French students at the barricades: why 2006 is not 1968

20 March 2006


Images of the Sorbonne occupied and riots in the Latin Quarter evoke heady memories of revolution of bygone days, but are France’s youth simply playing tired old tunes?

A week of demonstrations culminated on Saturday 18 March in protest marches across Paris and in cities throughout France. Students, workers, pensioners and union members took to the streets on a crisp spring afternoon against the Contrat Première Embauche (CPE, job scheme for young people). There was a huge show of popular support for the anti-CPE movement with three generations of French people marching side by side in the cortège. According to the unions, over 1.5 million people demonstrated, which represents a significant victory in the government-demonstrator brinkmanship that characterises French politics. The protesters know that history is on their side; six attempts at university and youth employment reform in the last twenty years have foundered in face of mass demonstrations.

Following Saturday’s peaceful demonstration a riot broke out between a couple of hundred marginal extreme left / anarchist groups and the police. Shops and cars were vandalised and set alight around Place de la Nation. Seven policemen and twelve demonstrators were injured in the clashes. The Latin Quarter was equally the scene of rioting as 500 students invaded Boulevard Saint Michel and had a sit-in in front of the Sorbonne chanting: “Liberate the Sorbonne!” and “Down with the state, the police and the employers!”

Despite all its airs of revolution, this is but a simulacrum of May ’68. None of the idealism and spontaneity of ’68 are to be found among the chants of a movement that is seeking to preserve the status quo. The focus of this mass discontent is the reform of the labour law creating a job contract aimed at young people aged under 26 years. The employment rate for young people hovers around 20%. For those in the disadvantaged suburbs it is as high as 40%. Following the riots of October-November 2005, there was a broad consensus that something had to be done for the youth of these under-privileged areas who are routinely discriminated against, even as second or third generation immigrants. Interestingly, the groups who were rioting then have not joined the student movement.

The CPE is a step in direction of reform and it is precisely for this reason that it has run into such difficulty. Essentially the contract seeks to introduce greater flexibility into the French labour market. This is one element of prime minister Dominique de Villepin’s ambitiously titled strategy, “the battle for employment”. Both sides of the French political divide have difficulty in accepting that it is no longer feasible to protect the job, and that the focus should be on protecting the worker.

The CPE includes a trial period of up to two years during which time the worker can be dismissed without the employer having to justify the dismissal. Nonetheless, it also provides substantial guarantees such as the right to training after the first month and a minimum two weeks’ notice for workers dismissed in the first month. The notification period increases according to the number of months worked. Dismissal without justification is the main point of contention for the anti-CPE movement, which claims that this will make young workers “disposable” and vulnerable to the whims of their bosses. This is disputable, however. It’s not uncommon for young people to take as long as ten years to integrate into the job market. Unpaid internships, even for highly qualified graduates, are often the norm in France. These young graduates are voting with their feet – 300,000 French people have succumbed to the allure of El Dorado across the channel tunnel.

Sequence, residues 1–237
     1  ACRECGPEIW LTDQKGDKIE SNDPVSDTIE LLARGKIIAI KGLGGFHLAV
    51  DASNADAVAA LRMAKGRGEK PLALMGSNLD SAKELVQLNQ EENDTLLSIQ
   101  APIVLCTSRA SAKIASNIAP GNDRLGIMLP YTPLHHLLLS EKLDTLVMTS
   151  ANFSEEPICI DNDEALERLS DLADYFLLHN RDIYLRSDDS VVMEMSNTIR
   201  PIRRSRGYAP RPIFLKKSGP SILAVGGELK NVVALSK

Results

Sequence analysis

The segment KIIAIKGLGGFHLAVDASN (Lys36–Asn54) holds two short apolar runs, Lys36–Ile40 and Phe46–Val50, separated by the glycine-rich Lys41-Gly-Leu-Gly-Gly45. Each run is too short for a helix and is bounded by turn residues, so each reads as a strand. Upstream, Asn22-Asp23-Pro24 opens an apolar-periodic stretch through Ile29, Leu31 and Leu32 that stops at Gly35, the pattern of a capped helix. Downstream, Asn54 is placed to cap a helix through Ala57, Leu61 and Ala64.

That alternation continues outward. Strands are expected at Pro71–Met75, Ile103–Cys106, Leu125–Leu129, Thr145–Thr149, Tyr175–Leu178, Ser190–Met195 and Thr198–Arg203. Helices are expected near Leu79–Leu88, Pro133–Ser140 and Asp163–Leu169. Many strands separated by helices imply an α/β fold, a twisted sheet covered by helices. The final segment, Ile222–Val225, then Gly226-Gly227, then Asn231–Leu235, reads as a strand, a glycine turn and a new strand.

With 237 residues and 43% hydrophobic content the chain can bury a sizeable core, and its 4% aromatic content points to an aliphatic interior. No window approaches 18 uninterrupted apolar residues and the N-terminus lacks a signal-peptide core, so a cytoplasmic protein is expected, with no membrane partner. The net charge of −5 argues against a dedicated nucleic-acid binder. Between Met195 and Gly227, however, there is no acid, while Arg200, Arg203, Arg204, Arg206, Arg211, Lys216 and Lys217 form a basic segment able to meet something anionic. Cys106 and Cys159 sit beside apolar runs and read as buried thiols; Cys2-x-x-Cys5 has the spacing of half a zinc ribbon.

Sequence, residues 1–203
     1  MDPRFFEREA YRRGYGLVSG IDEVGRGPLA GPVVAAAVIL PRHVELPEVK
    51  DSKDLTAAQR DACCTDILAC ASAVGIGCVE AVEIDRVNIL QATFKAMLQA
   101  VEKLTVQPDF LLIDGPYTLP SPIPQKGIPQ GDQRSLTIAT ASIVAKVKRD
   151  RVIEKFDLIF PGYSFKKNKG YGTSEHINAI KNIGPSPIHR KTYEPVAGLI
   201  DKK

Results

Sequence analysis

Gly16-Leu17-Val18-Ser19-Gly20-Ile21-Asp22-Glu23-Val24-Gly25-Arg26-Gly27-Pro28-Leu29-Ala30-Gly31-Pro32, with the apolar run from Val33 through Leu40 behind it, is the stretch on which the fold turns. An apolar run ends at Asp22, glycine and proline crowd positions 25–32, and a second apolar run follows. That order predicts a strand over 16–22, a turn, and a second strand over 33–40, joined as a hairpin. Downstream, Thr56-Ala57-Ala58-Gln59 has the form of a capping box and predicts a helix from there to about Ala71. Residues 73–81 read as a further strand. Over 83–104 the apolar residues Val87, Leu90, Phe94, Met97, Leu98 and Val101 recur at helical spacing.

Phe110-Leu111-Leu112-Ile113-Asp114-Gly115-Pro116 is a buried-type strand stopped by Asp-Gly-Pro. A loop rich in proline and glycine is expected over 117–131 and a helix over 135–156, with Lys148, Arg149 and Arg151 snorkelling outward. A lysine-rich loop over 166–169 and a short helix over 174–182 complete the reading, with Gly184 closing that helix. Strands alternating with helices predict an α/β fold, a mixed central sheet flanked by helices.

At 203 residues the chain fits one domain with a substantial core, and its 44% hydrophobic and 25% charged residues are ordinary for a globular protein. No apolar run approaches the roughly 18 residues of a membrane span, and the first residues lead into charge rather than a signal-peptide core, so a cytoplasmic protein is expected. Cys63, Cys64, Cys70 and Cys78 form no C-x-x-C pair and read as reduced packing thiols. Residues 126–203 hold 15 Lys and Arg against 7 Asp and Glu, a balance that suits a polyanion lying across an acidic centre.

The irony of these protests is that de Villepin has succeeded in uniting two quite different groups. Students and young people excluded from the job market “outsiders”) are joining forces with unions and civil servants (“insiders”) against reform. Unions fear that the CPE is merely the first step in an overhaul of the entire French labour market, which explains the groundswell of support in favour of the student protests.

De Villepin took inspiration for his reform from the Nordic concept of flexicurity - implying more flexible labour-market laws combined with greater protection for the worker in terms of training, unemployment benefits and monitoring of the unemployed. The key element of the Nordic model is the consensus-based, collective-bargaining system. France is light years away from this type of union-government relationship. The prime minister did not even consult unions or employers on the CPE, for which he has come under much criticism. Should the CPE be defeated, it will be a major political setback for de Villepin, as the failure of this reform will make it impossible for him to instigate any further reforms before the 2007 presidential and parliamentary elections.  

For the lack of consultation alone, the demonstrators were justified in expressing their views in the only way open to them. They have made their point. Now the time has come to negotiate an exit strategy. A general strike is anticipated for next week if the government does not abandon its reform project. However, this would be a pyrrhic victory for France’s youth as the cost of non-reform is too great. Young people feel threatened by unjust reforms. But if the egalitarian French social system is to be maintained, the entire system will need to be modernised.

The youth of France should be protesting for more, not less, reform.

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